world languages at a middle-school level usually encounter challenges such as convincing students why is important to know a language other than English. Our adolescents, nowadays, are very outgoing and have a great awareness of the world that surrounds them and its potential demands. Thus, they are not shy to ask, "What is the point of learning a foreign language?" Along with the need for instant gratification, our students do not feel a connection to the learning of another language unless we, as ambassadors of world cultures, bring to the classroom the perspectives, the practices, and the products of a culture other than the American culture.
Working in an urban district, I have always had a diverse student population. Teaching Spanish as a foreign language has proven to be a challenging task. Teachers, who like me, teach Spanish as a heritage language might identify with the difficulties that come across on daily bases, such as finding activities that will spark their interest, keep the motivation high, and at the same time improving student communication in speaking and writing.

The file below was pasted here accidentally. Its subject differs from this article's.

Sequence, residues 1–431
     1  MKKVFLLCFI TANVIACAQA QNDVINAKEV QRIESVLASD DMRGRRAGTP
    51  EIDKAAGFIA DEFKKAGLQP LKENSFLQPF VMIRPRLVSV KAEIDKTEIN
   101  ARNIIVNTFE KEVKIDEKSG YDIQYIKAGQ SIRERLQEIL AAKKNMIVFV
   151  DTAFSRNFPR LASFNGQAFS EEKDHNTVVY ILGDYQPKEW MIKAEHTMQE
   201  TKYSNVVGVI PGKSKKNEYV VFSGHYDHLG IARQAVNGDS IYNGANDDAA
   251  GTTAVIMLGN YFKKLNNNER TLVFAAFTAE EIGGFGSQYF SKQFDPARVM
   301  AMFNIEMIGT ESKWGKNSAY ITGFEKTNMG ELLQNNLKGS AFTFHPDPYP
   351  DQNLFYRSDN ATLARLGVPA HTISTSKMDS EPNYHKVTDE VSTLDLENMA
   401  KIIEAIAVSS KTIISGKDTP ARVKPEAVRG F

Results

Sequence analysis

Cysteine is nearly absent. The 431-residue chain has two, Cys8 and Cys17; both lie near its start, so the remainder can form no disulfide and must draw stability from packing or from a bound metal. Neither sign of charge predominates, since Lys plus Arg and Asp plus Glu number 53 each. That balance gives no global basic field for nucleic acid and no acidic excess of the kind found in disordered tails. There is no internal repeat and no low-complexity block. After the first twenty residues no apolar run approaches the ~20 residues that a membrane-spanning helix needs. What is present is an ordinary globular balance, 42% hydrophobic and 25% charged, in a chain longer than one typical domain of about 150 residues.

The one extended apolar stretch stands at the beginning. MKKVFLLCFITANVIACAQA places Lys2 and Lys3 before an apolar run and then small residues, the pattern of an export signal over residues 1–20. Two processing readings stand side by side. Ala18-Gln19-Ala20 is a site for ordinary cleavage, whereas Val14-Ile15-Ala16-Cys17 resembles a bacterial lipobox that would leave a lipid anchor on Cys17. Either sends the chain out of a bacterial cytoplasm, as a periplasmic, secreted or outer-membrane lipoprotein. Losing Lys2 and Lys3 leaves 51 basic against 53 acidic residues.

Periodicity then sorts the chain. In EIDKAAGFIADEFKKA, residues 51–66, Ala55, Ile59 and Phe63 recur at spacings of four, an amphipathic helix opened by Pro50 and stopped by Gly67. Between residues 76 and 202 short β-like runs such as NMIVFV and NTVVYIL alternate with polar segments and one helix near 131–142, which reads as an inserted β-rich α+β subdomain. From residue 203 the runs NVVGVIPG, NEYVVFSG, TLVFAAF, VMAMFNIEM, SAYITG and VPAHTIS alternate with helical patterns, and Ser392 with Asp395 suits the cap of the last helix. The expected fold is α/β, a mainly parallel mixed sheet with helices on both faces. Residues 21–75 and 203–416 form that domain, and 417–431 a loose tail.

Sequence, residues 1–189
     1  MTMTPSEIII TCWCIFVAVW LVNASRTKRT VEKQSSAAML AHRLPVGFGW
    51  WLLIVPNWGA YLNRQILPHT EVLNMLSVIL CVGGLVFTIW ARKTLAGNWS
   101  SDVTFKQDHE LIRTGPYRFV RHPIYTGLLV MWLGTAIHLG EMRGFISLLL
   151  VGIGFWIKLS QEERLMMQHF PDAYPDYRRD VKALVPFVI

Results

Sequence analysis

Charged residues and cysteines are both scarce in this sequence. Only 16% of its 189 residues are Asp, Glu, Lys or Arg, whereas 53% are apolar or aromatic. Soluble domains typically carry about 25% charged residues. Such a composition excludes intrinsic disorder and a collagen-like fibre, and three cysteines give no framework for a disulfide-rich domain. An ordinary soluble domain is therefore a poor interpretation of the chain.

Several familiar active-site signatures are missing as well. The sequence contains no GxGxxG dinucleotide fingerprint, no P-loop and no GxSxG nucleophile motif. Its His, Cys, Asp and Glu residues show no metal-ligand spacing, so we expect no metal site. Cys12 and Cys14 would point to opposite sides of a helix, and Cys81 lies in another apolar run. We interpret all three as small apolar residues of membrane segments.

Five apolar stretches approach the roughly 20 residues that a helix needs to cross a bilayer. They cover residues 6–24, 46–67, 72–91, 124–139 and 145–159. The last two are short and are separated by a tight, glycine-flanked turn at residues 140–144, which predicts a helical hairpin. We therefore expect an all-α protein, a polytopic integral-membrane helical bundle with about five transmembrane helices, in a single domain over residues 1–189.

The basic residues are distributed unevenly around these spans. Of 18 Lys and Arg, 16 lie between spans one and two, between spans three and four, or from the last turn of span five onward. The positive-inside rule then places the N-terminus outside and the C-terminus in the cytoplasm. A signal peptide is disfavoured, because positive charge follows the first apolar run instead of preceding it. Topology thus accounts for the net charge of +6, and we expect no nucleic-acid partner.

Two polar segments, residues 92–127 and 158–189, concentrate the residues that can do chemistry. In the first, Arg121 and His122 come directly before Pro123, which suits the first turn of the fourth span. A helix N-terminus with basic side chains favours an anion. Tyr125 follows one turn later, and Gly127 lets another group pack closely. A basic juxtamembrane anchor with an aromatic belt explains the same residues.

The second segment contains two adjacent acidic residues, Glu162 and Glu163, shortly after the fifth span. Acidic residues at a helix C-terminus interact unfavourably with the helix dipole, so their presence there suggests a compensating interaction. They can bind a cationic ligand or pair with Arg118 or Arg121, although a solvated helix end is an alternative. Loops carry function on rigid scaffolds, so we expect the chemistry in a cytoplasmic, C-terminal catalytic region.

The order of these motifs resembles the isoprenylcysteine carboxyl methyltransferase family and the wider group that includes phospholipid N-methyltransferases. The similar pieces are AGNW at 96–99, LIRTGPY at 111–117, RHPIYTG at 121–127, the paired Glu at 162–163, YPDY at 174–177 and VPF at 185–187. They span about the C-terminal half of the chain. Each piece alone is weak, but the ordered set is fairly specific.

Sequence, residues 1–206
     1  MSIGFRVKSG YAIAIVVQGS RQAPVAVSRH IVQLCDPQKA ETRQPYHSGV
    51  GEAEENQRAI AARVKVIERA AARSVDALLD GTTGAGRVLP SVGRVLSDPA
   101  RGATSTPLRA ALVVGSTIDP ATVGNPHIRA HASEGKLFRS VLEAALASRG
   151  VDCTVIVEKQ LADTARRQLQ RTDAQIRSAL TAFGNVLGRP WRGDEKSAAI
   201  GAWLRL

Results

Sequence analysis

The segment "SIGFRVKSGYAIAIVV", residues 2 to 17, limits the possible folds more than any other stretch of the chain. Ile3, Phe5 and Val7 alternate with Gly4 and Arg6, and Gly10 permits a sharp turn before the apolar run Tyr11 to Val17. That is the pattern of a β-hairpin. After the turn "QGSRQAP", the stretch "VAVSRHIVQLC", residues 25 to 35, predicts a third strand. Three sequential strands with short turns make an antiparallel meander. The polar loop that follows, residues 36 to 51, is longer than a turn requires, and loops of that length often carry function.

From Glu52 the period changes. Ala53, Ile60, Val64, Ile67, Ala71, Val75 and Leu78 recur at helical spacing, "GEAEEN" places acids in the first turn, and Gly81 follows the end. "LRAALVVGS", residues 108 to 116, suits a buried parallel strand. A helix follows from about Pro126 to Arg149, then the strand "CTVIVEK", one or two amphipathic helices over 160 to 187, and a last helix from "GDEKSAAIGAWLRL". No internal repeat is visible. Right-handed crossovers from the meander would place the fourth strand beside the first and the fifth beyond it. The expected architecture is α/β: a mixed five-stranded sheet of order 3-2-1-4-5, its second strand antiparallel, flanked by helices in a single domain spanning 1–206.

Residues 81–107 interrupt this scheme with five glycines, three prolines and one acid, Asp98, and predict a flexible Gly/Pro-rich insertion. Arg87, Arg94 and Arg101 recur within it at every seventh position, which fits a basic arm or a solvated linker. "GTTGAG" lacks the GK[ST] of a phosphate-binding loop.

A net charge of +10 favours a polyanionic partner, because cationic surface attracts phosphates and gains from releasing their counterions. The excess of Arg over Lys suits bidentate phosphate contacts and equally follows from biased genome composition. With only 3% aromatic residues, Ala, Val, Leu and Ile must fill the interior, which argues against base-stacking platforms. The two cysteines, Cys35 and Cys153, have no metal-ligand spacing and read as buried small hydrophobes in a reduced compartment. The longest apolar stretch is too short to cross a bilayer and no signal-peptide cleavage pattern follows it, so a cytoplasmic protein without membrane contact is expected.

As teachers, we might find ourselves required to teach the curriculum and cover materials that students must know and should be able to do at the end of each unit, and sometimes this goal becomes redundant and uninteresting for the students. Our students need to be engaged and excited when learning new things. From my personal experience, I have observed that Latin American history, when taught with visuals, sparks a great interest among students. They want to learn more about their ancestry, such as the rise and the fall of the Aztecs, or the traditions, symbols, and artifacts of the Taíno tribes in the Caribbean Islands. When listening to a Latin American history lesson, our students want to learn where their families and ancestors came from, what were their traditions, how their daily life was, and how they are preserving the culture nowadays. The unit that I will be writing and teaching must represent my students. It is very crucial that they feel an important part of the world culture and civilization.